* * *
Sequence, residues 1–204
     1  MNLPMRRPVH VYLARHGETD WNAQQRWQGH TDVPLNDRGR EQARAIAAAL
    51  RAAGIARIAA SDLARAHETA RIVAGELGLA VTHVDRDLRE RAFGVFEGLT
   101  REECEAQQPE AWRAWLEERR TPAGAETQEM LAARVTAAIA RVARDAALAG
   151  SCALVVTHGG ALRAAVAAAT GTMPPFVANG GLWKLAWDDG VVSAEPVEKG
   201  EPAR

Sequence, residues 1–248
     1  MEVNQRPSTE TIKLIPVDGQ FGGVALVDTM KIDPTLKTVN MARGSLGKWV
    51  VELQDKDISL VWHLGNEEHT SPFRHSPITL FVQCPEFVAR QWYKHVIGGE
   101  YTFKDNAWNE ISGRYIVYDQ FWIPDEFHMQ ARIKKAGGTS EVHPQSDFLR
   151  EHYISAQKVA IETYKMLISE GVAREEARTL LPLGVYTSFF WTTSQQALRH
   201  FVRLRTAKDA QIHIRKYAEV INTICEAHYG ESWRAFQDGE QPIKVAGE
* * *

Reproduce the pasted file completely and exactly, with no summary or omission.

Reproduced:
Sequence, residues 1–204
     1  MNLPMRRPVH VYLARHGETD WNAQQRWQGH TDVPLNDRGR EQARAIAAAL
    51  RAAGIARIAA SDLARAHETA RIVAGELGLA VTHVDRDLRE RAFGVFEGLT
   101  REECEAQQPE AWRAWLEERR TPAGAETQEM LAARVTAAIA RVARDAALAG
   151  SCALVVTHGG ALRAAVAAAT GTMPPFVANG GLWKLAWDDG VVSAEPVEKG
   201  EPAR

Sequence, residues 1–248
     1  MEVNQRPSTE TIKLIPVDGQ FGGVALVDTM KIDPTLKTVN MARGSLGKWV
    51  VELQDKDISL VWHLGNEEHT SPFRHSPITL FVQCPEFVAR QWYKHVIGGE
   101  YTFKDNAWNE ISGRYIVYDQ FWIPDEFHMQ ARIKKAGGTS EVHPQSDFLR
   151  EHYISAQKVA IETYKMLISE GVAREEARTL LPLGVYTSFF WTTSQQALRH
   201  FVRLRTAKDA QIHIRKYAEV INTICEAHYG ESWRAFQDGE QPIKVAGE